Find out about permanent and transit sites councils provide for Gypsies and Travellers to pitch a caravan.
Types of council sites
Most council sites are permanent, where your caravan can be stationed all year round.
Some councils offer transit sites. Your caravan can only be stationed for up to 3 months on a transit site. Councils may provide transit sites to deal with increased demand for pitches during the summer.
How to apply for a pitch
Many councils in England provide pitches for Gypsies and Travellers. There are around 6,000 pitches across more than 300 sites. The sizes of these sites vary.
You'll need to contact the council to find out how to apply for a pitch and how they are allocated in the area.
The council may keep a waiting list if their sites are full.
The council could refuse your application if you have:
- arrears from a previous stay on a council site
- a history of antisocial behaviour
- no connection to its area
Get advice if you're in this situation. Use Shelter's directory to find an adviser near you.
Facilities provided on council sites
Facilities on sites vary. They can include:
- hardstanding for a caravan
- space to park cars or other vehicles
- space for a second caravan to provide additional accommodation for your household, or guests
- showers or baths
- some storage space
- a secure mailbox
Sites might have extra facilities such as meeting rooms or children's play areas. There may be access to education and health services, with a health visitor or teacher calling at the site.
Not all facilities are accessible for disabled people.
Occupancy rights on a council site
When you move onto the site, the council gives you an occupancy agreement to sign.
Occupancy agreements vary, but in general they should set out:
- contact details for the site manager and warden and a list of the things they're responsible for
- details of the pitch fees and any other charges
- site rules, for example, about visitors, pets, antisocial behaviour and use of the facilities
- what to do if any part of the site needs repair work
- how to complain
- the notice you must give if you want to leave
You have certain legal rights regardless of where your site is. Other rights may vary depending on whether it is a permanent or transit site and on the agreement you have with the council.
The occupancy agreement should be available in accessible formats, such as Braille or on tape. The site manager or the council's Gypsy/Traveller liaison officer should go over the agreement with you. Ask them to explain any details which are not clear.
How to complain about site conditions
Contact the site manager or the council's Gypsy and Traveller liaison officer if you're not happy with the facilities or conditions on the site.
You can use the council's complaints process to make an official complaint if things don't improve.
If the site or its facilities are not accessible for you, make a complaint to the site manager and council.
All councils in England have a responsibility to ensure that their services are reasonably accessible and inclusive, promoting equal opportunities for disabled people in all areas. This is known as the disability equality duty.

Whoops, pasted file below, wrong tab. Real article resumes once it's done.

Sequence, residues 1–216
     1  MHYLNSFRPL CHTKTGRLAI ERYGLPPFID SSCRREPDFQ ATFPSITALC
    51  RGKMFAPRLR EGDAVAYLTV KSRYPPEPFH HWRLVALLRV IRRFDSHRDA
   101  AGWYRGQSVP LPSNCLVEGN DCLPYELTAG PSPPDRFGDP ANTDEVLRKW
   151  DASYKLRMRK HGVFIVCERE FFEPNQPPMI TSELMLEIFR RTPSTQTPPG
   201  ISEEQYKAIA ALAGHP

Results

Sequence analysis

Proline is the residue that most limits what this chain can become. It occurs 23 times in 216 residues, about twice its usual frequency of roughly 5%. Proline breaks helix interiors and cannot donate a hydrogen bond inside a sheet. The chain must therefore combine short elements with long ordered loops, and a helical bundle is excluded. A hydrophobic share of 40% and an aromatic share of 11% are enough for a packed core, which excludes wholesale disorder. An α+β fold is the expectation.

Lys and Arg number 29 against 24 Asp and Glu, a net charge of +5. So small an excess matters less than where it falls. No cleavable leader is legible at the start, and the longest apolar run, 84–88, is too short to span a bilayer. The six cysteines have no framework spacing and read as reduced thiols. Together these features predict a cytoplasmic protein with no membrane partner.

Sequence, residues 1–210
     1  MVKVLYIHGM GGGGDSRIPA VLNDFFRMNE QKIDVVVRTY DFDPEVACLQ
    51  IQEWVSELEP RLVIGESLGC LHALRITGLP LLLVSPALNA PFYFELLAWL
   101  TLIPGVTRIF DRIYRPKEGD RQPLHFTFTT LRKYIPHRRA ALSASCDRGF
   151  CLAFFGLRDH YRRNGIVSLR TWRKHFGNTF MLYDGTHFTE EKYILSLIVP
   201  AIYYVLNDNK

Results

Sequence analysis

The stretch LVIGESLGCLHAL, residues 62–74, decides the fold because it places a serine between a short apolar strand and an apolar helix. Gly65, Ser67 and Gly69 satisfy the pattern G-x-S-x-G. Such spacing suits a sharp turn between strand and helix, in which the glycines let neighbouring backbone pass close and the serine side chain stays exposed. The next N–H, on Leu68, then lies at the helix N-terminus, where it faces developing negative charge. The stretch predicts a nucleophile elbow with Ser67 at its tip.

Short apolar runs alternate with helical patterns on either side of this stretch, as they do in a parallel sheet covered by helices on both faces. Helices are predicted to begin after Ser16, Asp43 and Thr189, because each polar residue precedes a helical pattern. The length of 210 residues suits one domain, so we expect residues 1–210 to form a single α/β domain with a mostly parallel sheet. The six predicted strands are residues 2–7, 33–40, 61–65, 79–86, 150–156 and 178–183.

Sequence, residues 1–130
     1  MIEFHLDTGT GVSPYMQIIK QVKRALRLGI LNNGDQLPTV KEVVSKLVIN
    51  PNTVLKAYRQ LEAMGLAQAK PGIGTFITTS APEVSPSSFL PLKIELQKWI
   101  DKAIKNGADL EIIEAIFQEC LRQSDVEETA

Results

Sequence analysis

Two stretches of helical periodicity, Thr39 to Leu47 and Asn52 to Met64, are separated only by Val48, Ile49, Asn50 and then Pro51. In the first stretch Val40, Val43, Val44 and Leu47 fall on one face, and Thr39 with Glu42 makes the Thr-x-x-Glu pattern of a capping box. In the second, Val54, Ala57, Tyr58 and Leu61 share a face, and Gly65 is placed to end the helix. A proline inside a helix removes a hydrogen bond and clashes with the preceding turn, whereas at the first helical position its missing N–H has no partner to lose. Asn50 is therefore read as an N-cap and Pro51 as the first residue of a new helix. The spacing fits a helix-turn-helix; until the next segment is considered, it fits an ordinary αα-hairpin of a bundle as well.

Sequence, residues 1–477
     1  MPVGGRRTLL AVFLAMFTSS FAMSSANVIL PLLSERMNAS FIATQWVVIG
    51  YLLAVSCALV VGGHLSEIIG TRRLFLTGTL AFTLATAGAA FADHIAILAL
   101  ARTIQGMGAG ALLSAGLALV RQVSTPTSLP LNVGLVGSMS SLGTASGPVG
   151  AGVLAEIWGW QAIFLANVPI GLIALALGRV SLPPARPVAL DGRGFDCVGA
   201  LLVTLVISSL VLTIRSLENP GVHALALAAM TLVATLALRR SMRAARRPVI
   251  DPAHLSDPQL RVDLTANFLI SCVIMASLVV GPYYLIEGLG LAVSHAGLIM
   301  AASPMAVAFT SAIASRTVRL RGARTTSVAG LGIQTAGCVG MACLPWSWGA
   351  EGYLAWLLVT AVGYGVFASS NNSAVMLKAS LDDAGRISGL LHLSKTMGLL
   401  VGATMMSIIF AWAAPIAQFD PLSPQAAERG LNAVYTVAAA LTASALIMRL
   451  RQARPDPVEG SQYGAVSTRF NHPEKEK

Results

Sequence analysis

It is against the law for the council to discriminate against you because you are disabled, by treating you less favourably than a non-disabled person or offering you a poorer service.
Eviction from a council site
The council must get a court order if it wants to evict you from a permanent site.
If you are on a transit site the council must usually give you 4 weeks’ notice. No court order is needed.
If you're homeless and have nowhere to stay after you have to leave the site you may be able toget help from the council’s homelessness department.
What it costs to have a pitch
You can claim housing benefit to help pay all or some of your pitch fees.
If you fall behind with your site fees, an adviser may be able to help you apply for backdated benefits or arrange a payment plan with the council.
The council can evict you from the pitch because of arrears. If you live on a permanent site the council must get a court order.
Use Shelter's directory to find a local adviser.
Residents on council sites are expected to pay council tax. You may be entitled to council tax support to help you pay some or all of the council tax.
Find out more from Gov.uk about council tax.
Utilities you may need to pay for include electricity, water and sewage services.
Depending on the site's policy, you may need to pay for these in advance or when you're billed. You may have to buy a pre-payment card for electricity.
Leaving the site to travel
Most councils allow you to keep your pitch on a permanent site for a specified time while you are away travelling, usually for up to 12 weeks a year. Your occupancy agreement may set out the site's policy or you can check with the site manager.
If the site manager agrees you can keep your pitch while you are away, ask for this to be confirmed in writing.
You must continue to pay your pitch fees while you are away.
Rights to pass on a pitch if you die
If you die, your pitch passes to your husband, wife or civil partner if they were living with you.
If you do not have a husband, wife or civil partner, your pitch can pass to a member of your family who is living with you at the time of your death.
The pitch can pass to someone you leave it to in your will (or through the laws of intestacy if you don't have a will) if there is no partner or family member who qualifies. That person will need permission from the council before they can move in.
Get advice from a Shelter advice centre, Citizens Advice or another local advice service if you're unsure about your rights.
Use Shelter's directory to find an adviser near you.
Specialist organisations that provide help for the Gypsy and Traveller communities include: